After a fairly productive morning (I moved 2 courses of landscaping rocks in the yard, came in, baked a dozen healthy muffins from scratch and started a weightwatchers-friendly cauliflower soup), I looked at the godawful mess I just made in the kitchen. I peeled garlic for the soup and wondered what to do with those few loose cloves that always fall off the bulb. I usually keep them in a cheapie purple easter basket in the pantry with potatoes and other root vegs, but they always fall to the bottom and dry up or get moldy. I needed a little container, but someting flexible that wouldn’t tip perched on toppa the spuds. I suddenly got very excited about finding some yarn and a hook, but composed myself, finished the soup and sort of cleaned up.
I get jazzed about being able to make something that I need, and not having to wait for it. It makes me think of colonial times or maybe the great depression, when the tenet was to make do or do without. I occasionally go overboard with hoarding (my basement “craft space” holds way more than just my yarn stash) and I freely admit to being an active thrift shopper (making new buttons for an old coat in my Ravelry queue) and sometimes, when I need to clean out the closets, I recall a trip to the John Waters-esque American Visionary Arts Museum in Baltimore.
The museum of “outsider”/self taught art was closed for renovations save one gallery. I saw the embroidery of a woman named Myrellen from Knoxville, TN. Her husband committed her to a psychiatric hospital in the 1940’s, there she saved tiny pieces of thread from clothing, sheets, etc. to stitch artwork and messages, her entire autobiography onto a denim coat.
Though the coat was similar to the long dusters that the burnout girls in my 8th grade class wore in 1981 (you know, when dinosaurs roamed the earth between classes), more memorable to me was the frame of mind this woman was in to unravel rags to obtain materials for her work.
Myrellen was later treated with electroshock and thorazine and retained no memory of her work. She denied ever making it.
Now how can I throw out that old sweater with the hole in the neck that is under a pile of workout clothes in my closet? Because I’m not insane, you would answer.
I crochet, therefore I have therapy. I spy a nice big addi turbo hook and some jewelry making hemp sitting in a drawer in my coffee table, waiting for this moment to come along. I used hemp once before for a coin purse and that stuff hurt like a mothertrucker in sc at a small gauge. But this I could handle. I had previously toyed with the idea of fashioning a little catchall for the bathroom sink or dresser like (a. recent. pattern. I. saw. that. I. can’t. find. now. that. I. need. it. the. story. of. my. life.com), so I had a maybe 2’x3″ dc patch started. Boy was I like the wind. You have to understand, my 4 year old’s favorite pastime is climbing all over my lap the instant I plant my butt on the couch, yarn be damned; but I persevered. Tadee tadah, lookee here!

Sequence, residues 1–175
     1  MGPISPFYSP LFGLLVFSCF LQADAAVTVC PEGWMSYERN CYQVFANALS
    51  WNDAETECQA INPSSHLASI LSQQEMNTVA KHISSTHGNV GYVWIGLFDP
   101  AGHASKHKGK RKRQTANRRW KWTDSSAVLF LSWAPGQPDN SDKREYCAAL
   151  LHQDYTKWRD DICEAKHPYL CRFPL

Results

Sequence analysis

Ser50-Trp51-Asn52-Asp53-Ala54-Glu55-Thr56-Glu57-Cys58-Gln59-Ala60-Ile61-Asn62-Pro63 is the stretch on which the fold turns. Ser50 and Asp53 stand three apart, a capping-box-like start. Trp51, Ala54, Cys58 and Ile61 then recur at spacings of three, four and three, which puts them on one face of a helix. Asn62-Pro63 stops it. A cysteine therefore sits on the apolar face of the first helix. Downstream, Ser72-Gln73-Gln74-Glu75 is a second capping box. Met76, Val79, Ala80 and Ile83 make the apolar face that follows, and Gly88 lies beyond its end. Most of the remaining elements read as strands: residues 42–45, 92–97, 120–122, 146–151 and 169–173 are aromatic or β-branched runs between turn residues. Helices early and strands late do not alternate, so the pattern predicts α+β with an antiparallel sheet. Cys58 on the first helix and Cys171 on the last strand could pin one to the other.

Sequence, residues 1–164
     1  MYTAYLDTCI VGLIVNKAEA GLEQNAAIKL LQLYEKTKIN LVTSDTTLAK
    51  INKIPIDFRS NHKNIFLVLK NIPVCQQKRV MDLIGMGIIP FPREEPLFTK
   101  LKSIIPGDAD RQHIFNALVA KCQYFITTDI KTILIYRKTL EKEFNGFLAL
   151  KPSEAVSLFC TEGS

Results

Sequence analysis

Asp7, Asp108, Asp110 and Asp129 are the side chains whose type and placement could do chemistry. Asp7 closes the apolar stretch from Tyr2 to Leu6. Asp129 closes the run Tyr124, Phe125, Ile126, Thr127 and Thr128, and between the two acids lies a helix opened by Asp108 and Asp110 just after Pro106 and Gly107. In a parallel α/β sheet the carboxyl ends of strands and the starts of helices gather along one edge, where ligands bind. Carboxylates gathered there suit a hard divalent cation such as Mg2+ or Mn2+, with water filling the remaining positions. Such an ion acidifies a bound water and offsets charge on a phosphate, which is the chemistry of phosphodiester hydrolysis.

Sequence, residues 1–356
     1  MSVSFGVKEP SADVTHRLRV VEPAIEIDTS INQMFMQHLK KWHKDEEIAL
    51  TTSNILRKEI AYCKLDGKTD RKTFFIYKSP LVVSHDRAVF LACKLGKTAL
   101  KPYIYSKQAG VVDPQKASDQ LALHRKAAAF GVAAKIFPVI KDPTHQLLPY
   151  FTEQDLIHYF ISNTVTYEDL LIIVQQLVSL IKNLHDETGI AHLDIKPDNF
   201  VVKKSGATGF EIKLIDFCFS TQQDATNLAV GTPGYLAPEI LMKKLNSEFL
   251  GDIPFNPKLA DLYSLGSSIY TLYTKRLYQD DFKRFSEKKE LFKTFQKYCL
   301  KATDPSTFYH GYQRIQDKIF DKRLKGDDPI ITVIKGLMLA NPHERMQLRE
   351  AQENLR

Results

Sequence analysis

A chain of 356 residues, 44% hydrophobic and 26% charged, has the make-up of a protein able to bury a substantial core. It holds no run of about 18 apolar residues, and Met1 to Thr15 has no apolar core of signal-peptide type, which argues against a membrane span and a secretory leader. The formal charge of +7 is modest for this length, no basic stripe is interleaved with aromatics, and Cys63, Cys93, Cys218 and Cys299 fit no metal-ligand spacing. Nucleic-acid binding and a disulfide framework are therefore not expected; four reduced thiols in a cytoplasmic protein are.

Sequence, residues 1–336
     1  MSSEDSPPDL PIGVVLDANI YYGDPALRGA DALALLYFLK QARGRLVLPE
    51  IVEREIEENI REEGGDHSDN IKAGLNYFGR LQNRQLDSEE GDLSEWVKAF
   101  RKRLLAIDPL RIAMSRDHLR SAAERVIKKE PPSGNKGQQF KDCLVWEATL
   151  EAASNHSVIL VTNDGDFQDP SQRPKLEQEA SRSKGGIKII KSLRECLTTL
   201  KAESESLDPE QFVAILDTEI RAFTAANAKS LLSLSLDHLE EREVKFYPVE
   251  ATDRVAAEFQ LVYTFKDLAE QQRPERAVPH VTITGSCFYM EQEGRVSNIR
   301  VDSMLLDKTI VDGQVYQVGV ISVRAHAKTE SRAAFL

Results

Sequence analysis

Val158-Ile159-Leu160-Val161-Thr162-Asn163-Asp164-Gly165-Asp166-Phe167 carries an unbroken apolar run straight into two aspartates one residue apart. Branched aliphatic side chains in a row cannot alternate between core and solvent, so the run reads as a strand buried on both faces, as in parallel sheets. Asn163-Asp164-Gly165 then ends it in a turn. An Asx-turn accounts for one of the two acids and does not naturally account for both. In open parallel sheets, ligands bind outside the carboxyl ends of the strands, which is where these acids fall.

I hdc’d around the edges of the bottom, adding an increase in each corner on every row. After about four rounds, I wanted to tighten it up so I went 2 rows sc, then a sc with decreases. And since I just learned crab stitch edging, I finished it off nice and purty, ‘n even wove my ends so I could
show it off fill it up and put it back in the cabinet.
So I got’s me a garlic nest, in about 20 minutes or less. The kitchen will probably look the same after 2 hours, though. One thing I’m not obsessed with is cleaning, unless you count my obsession about not doing it. My husband often tells me he wishes I had the “good OCD”. Like him.
“Oh, this old thing? Just part of my “creative rehabilitation”, ya’ll!”
* Link over to Extreme Craft’s photostream for images from the Glore Psychiatric Museum in St. Joseph, MO or check out a gallery of works by Jenny Hart of Sublime Stitching fame for a modern “outsider” look at traditional embroidery.